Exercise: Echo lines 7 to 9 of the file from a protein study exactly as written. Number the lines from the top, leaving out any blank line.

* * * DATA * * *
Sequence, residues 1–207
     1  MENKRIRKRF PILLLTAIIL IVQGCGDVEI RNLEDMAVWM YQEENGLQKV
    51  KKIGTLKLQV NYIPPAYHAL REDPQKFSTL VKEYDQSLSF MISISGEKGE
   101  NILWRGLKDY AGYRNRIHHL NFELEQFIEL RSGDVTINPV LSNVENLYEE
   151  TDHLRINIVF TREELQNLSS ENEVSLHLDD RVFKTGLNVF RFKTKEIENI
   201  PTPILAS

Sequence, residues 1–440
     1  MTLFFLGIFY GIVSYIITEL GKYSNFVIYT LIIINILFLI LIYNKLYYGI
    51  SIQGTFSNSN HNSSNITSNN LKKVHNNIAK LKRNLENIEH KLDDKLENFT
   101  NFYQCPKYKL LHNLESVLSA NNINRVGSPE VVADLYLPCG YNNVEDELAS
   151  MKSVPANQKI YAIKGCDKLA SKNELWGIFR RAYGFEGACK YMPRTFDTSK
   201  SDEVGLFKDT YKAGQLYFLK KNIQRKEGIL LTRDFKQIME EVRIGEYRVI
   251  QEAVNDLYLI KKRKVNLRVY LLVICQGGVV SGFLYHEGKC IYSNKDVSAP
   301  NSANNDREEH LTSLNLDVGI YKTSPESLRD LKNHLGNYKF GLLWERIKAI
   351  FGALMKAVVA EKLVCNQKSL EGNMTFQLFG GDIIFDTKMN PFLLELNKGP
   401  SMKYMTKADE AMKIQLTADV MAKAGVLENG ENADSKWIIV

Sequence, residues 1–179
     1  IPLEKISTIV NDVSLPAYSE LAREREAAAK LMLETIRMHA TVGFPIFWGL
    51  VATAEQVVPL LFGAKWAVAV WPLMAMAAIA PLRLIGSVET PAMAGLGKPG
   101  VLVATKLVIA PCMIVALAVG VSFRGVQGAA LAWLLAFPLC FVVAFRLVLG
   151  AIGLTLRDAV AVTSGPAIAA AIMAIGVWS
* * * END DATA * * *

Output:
Sequence, residues 1–440
     1  MTLFFLGIFY GIVSYIITEL GKYSNFVIYT LIIINILFLI LIYNKLYYGI
    51  SIQGTFSNSN HNSSNITSNN LKKVHNNIAK LKRNLENIEH KLDDKLENFT